1. Why does primitive man's ways appear "crude" compared to modern man?
2. What does this "like" mean"? Similar to what?
ex)Life is full of hazards. Disease, enemies and starvation are always menacing primitive man. Experience teaches him that medicinal herbs, valor, the most strenuous labor, often come to naught, yet normally he wants to survive and enjoy the good things of existence. Faced with this problem, he takes to any method that seems adapted to his ends. Often his ways appear incredibly crude to us moderns until we remember how our next-door neighbor acts in like emergencies. When medical science pronounces him incurable, he will not resign himself to fate but runs to the nearest quack who holds out hope of recovery. His urge for self-preservation will not down, nor will that of the illiterate peoples of the world, and in that overpowering will to live is anchored the belief in supernaturalism, which is absolutely universal among known peoples, past and present.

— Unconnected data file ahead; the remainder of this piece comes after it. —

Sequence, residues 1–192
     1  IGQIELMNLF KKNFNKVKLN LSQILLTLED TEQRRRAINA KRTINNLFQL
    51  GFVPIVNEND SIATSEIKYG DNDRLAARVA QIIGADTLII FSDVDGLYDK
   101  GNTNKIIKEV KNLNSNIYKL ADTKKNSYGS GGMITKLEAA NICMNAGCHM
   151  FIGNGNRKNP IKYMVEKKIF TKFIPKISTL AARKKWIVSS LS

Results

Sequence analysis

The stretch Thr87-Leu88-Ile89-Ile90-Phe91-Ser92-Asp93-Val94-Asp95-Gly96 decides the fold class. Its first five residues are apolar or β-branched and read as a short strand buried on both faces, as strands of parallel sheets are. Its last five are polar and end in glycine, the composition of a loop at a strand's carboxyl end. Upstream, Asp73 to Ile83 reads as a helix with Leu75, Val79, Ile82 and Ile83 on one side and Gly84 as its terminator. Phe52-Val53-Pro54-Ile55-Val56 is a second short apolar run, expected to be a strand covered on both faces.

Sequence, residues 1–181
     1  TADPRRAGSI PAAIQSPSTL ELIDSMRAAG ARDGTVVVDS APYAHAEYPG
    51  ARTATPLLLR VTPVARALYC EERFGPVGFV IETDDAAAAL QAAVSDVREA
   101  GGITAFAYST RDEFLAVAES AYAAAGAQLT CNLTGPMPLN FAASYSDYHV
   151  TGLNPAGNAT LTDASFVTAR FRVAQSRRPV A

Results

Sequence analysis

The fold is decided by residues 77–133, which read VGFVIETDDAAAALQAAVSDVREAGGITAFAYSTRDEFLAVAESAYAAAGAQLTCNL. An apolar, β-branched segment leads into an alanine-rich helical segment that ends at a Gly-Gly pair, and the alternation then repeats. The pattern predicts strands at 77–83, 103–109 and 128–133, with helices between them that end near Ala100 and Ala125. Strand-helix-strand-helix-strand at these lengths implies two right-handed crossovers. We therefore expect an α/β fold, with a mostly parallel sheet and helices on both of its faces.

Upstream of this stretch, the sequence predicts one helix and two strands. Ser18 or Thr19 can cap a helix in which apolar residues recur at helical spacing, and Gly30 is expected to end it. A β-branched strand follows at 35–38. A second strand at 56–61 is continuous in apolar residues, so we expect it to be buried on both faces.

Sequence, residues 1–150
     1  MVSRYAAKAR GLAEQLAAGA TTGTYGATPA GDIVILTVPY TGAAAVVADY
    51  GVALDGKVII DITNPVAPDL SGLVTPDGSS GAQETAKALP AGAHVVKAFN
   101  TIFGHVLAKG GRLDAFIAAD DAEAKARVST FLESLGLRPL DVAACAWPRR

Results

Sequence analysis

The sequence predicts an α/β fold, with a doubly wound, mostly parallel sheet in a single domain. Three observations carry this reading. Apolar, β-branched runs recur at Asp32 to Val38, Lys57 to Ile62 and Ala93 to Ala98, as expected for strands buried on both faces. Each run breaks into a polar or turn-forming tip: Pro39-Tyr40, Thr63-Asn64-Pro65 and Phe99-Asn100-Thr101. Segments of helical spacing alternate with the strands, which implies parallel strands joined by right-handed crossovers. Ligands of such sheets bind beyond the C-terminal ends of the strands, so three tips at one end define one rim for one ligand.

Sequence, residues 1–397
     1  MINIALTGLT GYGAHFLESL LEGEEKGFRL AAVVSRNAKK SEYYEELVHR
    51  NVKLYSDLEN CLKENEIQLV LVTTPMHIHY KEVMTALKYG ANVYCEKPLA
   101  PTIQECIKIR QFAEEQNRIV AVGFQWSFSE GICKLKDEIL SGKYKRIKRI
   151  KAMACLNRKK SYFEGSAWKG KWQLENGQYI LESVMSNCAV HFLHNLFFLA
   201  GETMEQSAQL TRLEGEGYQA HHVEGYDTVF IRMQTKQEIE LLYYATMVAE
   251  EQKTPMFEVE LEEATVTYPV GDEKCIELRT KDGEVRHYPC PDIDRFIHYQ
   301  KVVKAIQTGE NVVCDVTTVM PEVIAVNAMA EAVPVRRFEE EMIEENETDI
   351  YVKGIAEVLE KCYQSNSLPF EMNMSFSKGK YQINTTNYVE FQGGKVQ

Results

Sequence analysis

Last edited by keannu; 19-Aug-2012 at 17:29.
I may be asking a stupid question, but I can't understand "until" here. This says that his ways- primitive man's ways - appear crude(not skilled) until we find our next-door neighbor's similar behavior(bloodletting as you quoted).
Is it saying the two behaviors are similar to each other or the latter is better than the former?
Often his ways appear incredibly crude to us moderns until we remember how our next-door neighbor acts in like emergencies.